Take a look at the first space images from the Artemis 1 Orion lunar capsule (photo)

The Artemis 1 Orion spacecraft is on its way to the Moon and is already sharing photos from its historic journey that will pave the way for humanity’s return to Earth’s natural satellite.

NASA’s Artemis 1 mission lifted off from the Kennedy Space Center in Florida early Wednesday (November 16), sending an uncrewed Orion capsule into the sky on a massive Space Launch System (SLS) rocket.

Eight minutes after liftoff, the two stages of the SLS separated, and the rocket’s upper stage continued to lift Orion into Earth orbit. Ten minutes later, the European Space Agency (ESA), which provided the Orion Service Module, the technology component responsible for propulsion, navigation and habitability inside the spacecraft, confirmed that the spacecraft had successfully deployed its X-shaped solar array. .

Shortly thereafter, Orion transmitted back to Earth the first long-awaited images from cameras attached to the ends of its four 23-foot-long (7 meters) solar wings.

Related: NASA Artemis 1 Lunar Mission: Operational Updates

“All four solar arrays deployed!” The ESA tweeted out how the action unfolds. “They can turn and rotate to follow the sun and power the @NASA_Orion spacecraft.”

The agency then shared three shots of Orion going to lunar orbit and back to show it’s ready for humans.

The first relatively low-resolution images of Orion show parts of the spacecraft. One photo shows the blue curve of the Earth in the background. The cameras are off-the-shelf commercial technology that has been “heavily modified for use in space,” according to a NASA statement.

When Orion took the pictures, it was still attached to the second stage of the SLS, which later propelled the capsule from Earth orbit to the Moon. Separation from the second stage occurred about an hour and 55 minutes after launch.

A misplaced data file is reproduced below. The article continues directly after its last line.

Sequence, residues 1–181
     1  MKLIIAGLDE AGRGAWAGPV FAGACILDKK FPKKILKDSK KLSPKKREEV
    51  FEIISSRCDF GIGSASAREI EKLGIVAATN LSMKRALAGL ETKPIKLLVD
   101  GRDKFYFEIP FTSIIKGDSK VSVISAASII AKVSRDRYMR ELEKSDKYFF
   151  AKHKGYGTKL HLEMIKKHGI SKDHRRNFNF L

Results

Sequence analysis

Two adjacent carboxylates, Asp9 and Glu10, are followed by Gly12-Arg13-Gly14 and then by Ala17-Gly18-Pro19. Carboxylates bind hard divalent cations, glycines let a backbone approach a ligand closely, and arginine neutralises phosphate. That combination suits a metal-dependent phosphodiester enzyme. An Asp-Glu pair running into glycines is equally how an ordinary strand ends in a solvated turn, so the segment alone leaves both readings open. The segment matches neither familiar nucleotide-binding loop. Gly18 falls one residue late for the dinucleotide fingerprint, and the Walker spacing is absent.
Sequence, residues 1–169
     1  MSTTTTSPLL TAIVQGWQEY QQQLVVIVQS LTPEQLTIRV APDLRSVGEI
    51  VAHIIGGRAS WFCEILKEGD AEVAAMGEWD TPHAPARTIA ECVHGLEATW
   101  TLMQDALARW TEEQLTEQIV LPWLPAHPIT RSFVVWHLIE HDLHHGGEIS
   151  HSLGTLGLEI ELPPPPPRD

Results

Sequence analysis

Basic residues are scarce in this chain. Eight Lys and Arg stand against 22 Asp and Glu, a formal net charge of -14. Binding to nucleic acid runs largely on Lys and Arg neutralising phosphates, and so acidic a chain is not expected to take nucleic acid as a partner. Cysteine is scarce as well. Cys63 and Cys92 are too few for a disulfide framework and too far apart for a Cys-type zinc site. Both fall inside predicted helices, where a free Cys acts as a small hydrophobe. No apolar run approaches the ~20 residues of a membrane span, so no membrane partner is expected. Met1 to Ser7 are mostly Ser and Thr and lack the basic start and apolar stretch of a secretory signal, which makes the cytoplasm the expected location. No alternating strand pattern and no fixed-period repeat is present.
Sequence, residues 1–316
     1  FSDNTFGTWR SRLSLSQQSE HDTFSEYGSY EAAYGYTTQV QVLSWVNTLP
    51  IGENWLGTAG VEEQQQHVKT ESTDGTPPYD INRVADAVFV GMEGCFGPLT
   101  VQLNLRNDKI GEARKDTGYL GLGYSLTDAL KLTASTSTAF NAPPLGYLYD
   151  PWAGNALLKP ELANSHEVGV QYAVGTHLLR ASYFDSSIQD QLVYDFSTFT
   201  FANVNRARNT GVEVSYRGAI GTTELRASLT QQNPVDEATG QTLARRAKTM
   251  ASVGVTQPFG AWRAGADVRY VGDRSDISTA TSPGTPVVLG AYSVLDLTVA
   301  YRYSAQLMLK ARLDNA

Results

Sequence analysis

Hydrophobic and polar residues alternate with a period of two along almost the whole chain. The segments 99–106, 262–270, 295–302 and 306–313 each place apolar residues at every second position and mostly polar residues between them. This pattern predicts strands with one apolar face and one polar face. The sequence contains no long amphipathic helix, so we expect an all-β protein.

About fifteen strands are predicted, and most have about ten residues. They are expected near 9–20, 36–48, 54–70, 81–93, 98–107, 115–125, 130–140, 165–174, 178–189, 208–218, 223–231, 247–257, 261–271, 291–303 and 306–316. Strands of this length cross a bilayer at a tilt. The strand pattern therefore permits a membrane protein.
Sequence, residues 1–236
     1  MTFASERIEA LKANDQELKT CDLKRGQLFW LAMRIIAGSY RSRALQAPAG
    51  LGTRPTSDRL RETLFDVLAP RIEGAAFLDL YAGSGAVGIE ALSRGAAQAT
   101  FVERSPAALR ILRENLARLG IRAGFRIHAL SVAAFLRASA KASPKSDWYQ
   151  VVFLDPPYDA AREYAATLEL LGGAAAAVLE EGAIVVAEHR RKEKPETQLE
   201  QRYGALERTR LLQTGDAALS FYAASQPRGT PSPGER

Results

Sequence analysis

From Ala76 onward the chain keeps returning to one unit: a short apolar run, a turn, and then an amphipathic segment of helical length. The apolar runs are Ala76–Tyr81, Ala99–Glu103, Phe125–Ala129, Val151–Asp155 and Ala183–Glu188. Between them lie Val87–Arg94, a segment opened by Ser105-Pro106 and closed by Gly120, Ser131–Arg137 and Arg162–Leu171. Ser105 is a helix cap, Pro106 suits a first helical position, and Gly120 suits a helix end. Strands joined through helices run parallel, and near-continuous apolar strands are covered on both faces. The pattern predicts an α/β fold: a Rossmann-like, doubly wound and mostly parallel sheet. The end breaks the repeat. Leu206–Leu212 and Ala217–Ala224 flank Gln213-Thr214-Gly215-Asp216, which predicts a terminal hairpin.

ESA has shared several short videos of second stage separation, including one showing the second stage drifting off into the blackness of space.

“Can’t get enough of this second stage separation as the European Service Module fires its engines – the curvature of the Earth is highlighted by the sun in the background,” the ESA said in a tweet accompanying the video of the separation. .

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Orion will now take about six days to reach the Moon. It will then make its closest approach to the Moon, passing 60 miles (97 kilometers) from the Moon’s surface on Monday (November 21) before entering a deep orbit around the body.

Shortly thereafter, Orion would break the record for the furthest distance from Earth ever reached by a human spacecraft, surpassing the 248,654 miles (400,170 km) from home reached by NASA’s Apollo 13 spacecraft in April 1970. of the year. However, this spacecraft’s record was the result of an emergency operation after an onboard explosion forced the mission team to develop a rescue plan to bring the spacecraft home.

Orion will return to Earth on December 11, crashing into the Pacific Ocean off the coast of California.

Although only two dummies, Helga and Zohar, are in the capsule during the test flight, the mission will pave the way for the first crewed flight. The Artemis 2 mission, expected to take place in 2024, will be the first since the last Apollo program mission in 1972 to return humans to the Moon. However, Artemis 2 will not land astronauts on the lunar surface. This will be the goal of Artemis 3, which could take place in 2025.

Follow Tereza Pultarova on Twitter @TerezaPultarova. Follow us on Twitter @Spacedotcom and on Facebook.

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